Hughes blog: An exciting day on Wall Street

Olympians ring Closing Bell in honor of RISE

Sarah Hughes hammers a big gavel at the New York Stock Exchange.
Sarah Hughes hammers a big gavel at the New York Stock Exchange. (courtesy Sarah Hughes)


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By Sarah Hughes, special to
(02/16/2011) - In honor of the 50th anniversary of the plane crash that killed the 34-person U.S. world team on Feb. 15, 1961, Evan Lysacek, Tara Lipinski and I had the privilege of visiting the New York Stock Exchange (NYSE) Tuesday afternoon to ring The Closing Bell.

As guests of Coca-Cola, Evan, Tara and I were especially interested in visiting the Coca-Cola booth since we figured their trader would take a little extra time to explain how the Stock Exchange operated. Mike, the Coca-Cola trader, exceeded our expectations and graciously explained how clients now buy and sell stocks through the computer, something quite different than just a few years back.

When I rang The Opening Bell back in 2002, briefly after the Salt Lake games, the floor was bustling with noise, motion and papers flying everywhere. It was pure (and I was assured "organized") chaos! Mike remembers that time too. He started on the floor in 2001, right after college and said he is one of the few who has been at the NYSE long enough to see all the changes. He was actually impressed I had remembered as much of the floor as I did. What can I say? It's not every day a high school kid gets to be in the middle of the trading floor mayhem on a school day.

"When I first started," Mike explained. "If someone wanted to buy or sell Coca-Cola, they had to come directly to this station. And there were two guys behind that desk (right behind his booth) helping me out." Today, Mike runs the show on the floor by himself, surrounded only by computer screens, ones that don't flash as furiously as I remember. He says the finance business has steadily became more dependent on electronics since then, and in 2007, about four years ago, switched to trading solely through the wires, making the excitement of human commotion and the ticker tape parade of papers flying about dip drastically.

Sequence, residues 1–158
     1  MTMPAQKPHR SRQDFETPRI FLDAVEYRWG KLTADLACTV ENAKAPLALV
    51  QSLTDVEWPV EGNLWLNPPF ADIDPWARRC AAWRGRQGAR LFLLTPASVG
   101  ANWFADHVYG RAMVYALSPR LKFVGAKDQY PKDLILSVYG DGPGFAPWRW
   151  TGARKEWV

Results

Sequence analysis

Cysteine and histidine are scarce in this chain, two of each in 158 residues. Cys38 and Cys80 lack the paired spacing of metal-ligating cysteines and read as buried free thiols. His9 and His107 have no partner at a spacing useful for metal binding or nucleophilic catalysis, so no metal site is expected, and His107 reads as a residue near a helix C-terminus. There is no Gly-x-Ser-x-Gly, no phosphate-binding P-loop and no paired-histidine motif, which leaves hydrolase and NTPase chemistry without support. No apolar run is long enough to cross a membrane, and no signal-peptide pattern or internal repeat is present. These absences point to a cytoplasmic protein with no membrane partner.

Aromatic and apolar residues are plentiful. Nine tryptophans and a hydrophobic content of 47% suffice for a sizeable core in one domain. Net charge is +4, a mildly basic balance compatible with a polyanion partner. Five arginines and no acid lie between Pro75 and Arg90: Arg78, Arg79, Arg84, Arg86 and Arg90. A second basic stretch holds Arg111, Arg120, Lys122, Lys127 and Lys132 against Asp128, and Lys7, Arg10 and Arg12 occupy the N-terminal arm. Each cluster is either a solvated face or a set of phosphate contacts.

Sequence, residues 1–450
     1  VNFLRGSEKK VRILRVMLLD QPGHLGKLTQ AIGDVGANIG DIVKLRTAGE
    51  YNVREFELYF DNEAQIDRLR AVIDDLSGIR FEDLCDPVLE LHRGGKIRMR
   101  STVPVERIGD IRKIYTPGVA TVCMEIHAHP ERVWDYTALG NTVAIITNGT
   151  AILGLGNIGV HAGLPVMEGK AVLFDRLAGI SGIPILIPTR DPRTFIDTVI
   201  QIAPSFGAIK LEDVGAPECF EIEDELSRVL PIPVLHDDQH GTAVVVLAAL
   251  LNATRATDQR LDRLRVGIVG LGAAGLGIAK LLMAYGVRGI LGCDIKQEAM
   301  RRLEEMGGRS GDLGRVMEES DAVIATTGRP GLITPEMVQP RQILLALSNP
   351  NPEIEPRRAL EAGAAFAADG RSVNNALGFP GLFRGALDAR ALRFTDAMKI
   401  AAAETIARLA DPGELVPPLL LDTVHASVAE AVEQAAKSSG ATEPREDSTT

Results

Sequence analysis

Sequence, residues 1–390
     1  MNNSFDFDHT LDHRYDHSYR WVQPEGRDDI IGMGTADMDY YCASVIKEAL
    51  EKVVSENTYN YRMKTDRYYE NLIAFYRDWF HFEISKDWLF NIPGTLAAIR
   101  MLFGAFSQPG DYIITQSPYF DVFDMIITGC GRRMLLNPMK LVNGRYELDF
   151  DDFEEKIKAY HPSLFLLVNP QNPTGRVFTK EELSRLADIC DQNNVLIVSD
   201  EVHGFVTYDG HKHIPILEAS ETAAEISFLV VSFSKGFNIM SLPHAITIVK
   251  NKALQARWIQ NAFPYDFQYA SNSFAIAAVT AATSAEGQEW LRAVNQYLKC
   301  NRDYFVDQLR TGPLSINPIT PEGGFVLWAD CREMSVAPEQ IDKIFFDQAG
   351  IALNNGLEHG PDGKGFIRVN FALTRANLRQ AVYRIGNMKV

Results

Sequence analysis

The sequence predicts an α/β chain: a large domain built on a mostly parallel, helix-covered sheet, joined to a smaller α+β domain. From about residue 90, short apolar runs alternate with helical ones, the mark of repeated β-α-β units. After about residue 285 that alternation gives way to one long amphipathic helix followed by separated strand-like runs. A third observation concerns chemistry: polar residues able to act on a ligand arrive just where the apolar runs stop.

But don't think this technological efficiency has led to our Coca-Cola NYSE representative to having an easier job. "I used to only trade Coke. Now I'm in charge of 30 more companies."

The big talk on the floor today was about the merger of Deutsche Boerse AG and NYSE Euronet. Under the new business agreement, the companies combine to create the largest venue for capital raising and equities trading, and the world leader in derivatives trading and risk management. Apparently the negotiations, which have been going on for the past year, have been so secretive that the top brass as the NYSE were not privy until today's press release. A name for the new company has yet to be decided.

Even with all this change and hoopla, one person who seemed to be disappointed by the lack of external stimuli was Evan. There are only few places as loud and noisy as in the moments after of delivering an Olympic winning performance! Speaking of which, he will celebrate his one year anniversary next week. When this was noted earlier today, he received a round of applause from all of us. Hard to believe a whole year has passed since his Vancouver win, hasn't it?

After Evan, Tara and I ceremoniously rung the bell to signal the closing of the market, Evan took his medal out for anyone who wanted to see it (everyone did, including me!) as our traveling trio took photos with many of the traders, business reporters and longtime supporters of U.S. Figure Skating.

As exciting it was to learn about the NYSE -- and ring The Closing Bell in what will go down as a significant date in NYSE history, it is just as important to honor and bring attention to the people we lost in the 1961 crash with a strong, iconic American company such as Coca-Cola by our side.

RISE, a documentary on the 1961 team featuring storytellers Peggy Flemming, Dorothy Hamill, Scott Hamilton, Brain Boitano and Michelle Kwan will be released on Thurs., Feb. 17, in select theaters nationwide. The storytellers and many other skating luminaries will take part in a live event held in Times Square. I hope you'll join me and my fellow skaters in honoring the people who helped shape our sport into what it is today.

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